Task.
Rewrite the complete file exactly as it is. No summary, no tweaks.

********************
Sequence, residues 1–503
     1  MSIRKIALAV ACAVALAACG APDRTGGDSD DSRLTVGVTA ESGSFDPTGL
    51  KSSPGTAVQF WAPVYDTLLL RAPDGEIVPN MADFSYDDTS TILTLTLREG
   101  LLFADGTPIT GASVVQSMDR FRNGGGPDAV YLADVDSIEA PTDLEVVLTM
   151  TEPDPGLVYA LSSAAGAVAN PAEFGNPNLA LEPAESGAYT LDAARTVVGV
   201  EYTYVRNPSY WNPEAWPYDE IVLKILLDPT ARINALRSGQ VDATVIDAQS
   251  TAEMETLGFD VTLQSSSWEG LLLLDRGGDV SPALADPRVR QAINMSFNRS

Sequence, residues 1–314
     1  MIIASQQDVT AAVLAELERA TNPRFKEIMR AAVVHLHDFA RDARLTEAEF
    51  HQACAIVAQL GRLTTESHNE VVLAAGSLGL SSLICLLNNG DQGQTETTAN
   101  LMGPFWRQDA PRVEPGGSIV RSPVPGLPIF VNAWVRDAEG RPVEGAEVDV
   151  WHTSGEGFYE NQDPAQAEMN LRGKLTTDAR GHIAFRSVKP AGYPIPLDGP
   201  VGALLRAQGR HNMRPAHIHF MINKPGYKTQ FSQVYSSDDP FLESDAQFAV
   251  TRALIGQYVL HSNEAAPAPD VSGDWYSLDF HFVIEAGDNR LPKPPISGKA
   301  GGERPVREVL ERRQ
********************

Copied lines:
Sequence, residues 1–503
     1  MSIRKIALAV ACAVALAACG APDRTGGDSD DSRLTVGVTA ESGSFDPTGL
    51  KSSPGTAVQF WAPVYDTLLL RAPDGEIVPN MADFSYDDTS TILTLTLREG
   101  LLFADGTPIT GASVVQSMDR FRNGGGPDAV YLADVDSIEA PTDLEVVLTM
   151  TEPDPGLVYA LSSAAGAVAN PAEFGNPNLA LEPAESGAYT LDAARTVVGV
   201  EYTYVRNPSY WNPEAWPYDE IVLKILLDPT ARINALRSGQ VDATVIDAQS
   251  TAEMETLGFD VTLQSSSWEG LLLLDRGGDV SPALADPRVR QAINMSFNRS

Sequence, residues 1–314
     1  MIIASQQDVT AAVLAELERA TNPRFKEIMR AAVVHLHDFA RDARLTEAEF
    51  HQACAIVAQL GRLTTESHNE VVLAAGSLGL SSLICLLNNG DQGQTETTAN
   101  LMGPFWRQDA PRVEPGGSIV RSPVPGLPIF VNAWVRDAEG RPVEGAEVDV
   151  WHTSGEGFYE NQDPAQAEMN LRGKLTTDAR GHIAFRSVKP AGYPIPLDGP
   201  VGALLRAQGR HNMRPAHIHF MINKPGYKTQ FSQVYSSDDP FLESDAQFAV
   251  TRALIGQYVL HSNEAAPAPD VSGDWYSLDF HFVIEAGDNR LPKPPISGKA
   301  GGERPVREVL ERRQ